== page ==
MEDFORD, Ore. — Asante on Thursday announced the completion of its new Behavioral Health Unit at Rogue Regional Medical Center, heralded as the first in-patient mental health facility of its kind in the region.
In October of 2019, Asante had hoped to have the new unit ready by March.
“Improving how our patients receive care in our community has been a priority for us,” said Mick Zdeblick, senior vice president and CEO at Asante Rogue Regional Medical Center. “Completion of this project is the culmination of a master plan Asante has undertaken over the past five years to expand behavioral health services and transition how we care for our mental health patients.”
Asante said that the Behavioral Health Unit is part of a larger push toward effective mental health care, beginning with the adoption of a trauma-informed approach called The Sanctuary Model.
“Behavioral issues in adults are often traced to childhood trauma, such as physical or mental abuse,” said Laurel Madrone, manager of the new unit. “We focus on the root causes of the person’s issues — what’s happened to them — rather than asking what’s wrong with them.”
The health care provider also started a resiliency support program for hospital employees called Team CARE Response.
“A group of people who deal with highly traumatized patients can become traumatized,” Madrone said. “When you work with people who are injured, critically ill or in despair it starts to affect our staff members. The Team CARE program helps address their needs.”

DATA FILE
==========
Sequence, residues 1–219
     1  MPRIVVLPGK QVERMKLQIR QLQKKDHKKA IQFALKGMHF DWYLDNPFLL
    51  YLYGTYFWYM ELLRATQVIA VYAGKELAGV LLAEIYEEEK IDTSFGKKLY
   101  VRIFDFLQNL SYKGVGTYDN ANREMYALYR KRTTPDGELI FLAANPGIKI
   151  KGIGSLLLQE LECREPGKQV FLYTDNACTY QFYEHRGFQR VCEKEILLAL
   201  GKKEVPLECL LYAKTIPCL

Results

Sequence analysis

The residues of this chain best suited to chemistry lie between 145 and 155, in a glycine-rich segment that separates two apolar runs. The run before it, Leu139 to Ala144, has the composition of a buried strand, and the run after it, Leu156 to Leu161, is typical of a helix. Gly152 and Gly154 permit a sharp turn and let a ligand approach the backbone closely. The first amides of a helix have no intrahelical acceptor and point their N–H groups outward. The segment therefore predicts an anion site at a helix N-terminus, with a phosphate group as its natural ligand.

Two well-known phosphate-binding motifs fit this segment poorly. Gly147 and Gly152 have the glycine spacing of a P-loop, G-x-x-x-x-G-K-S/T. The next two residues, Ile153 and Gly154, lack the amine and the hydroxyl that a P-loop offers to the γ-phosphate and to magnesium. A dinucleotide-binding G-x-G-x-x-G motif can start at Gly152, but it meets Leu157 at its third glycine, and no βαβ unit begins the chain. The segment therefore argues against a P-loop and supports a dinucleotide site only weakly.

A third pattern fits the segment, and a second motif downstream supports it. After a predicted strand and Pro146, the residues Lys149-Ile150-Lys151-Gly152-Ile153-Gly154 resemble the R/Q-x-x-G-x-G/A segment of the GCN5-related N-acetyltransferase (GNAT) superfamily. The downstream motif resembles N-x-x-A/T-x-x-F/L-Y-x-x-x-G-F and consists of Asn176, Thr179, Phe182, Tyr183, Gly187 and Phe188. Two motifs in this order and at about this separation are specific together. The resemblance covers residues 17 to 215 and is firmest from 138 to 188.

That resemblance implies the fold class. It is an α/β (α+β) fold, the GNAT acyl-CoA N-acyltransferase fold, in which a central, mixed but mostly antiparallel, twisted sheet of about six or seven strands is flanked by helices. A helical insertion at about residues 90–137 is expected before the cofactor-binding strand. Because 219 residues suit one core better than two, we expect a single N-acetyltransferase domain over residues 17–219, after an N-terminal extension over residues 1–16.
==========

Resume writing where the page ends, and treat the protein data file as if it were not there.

On top of the new inpatient unit, Asante said that it has worked to expand outpatient behavioral health services with the hiring of specialists at primary care clinics, as well as a youth education program to help students cope with issues like anxiety and depression.
The original Behavioral Health Unit was built in 1972 based on now-outdated institutional models. The new unit is larger and offers common areas, a large outdoor area, and 24 rooms, "each with a garden view."
“What we offer now is an environment designed specifically for healing the mind, body and spirit,” Madrone said.
Asante said that the new unit cost $6.8 millon to build, most of that coming from the community.
“It’s profound to witness one of the most transformational mental health projects in our region come to life, and it’s because of philanthropy that this is possible,” said Andrea Reeder, Asante Foundation campaign director. “The new Behavioral Health Unit is a key component of this initiative and is making a profound impact on patients while addressing a critical need in Southern Oregon.”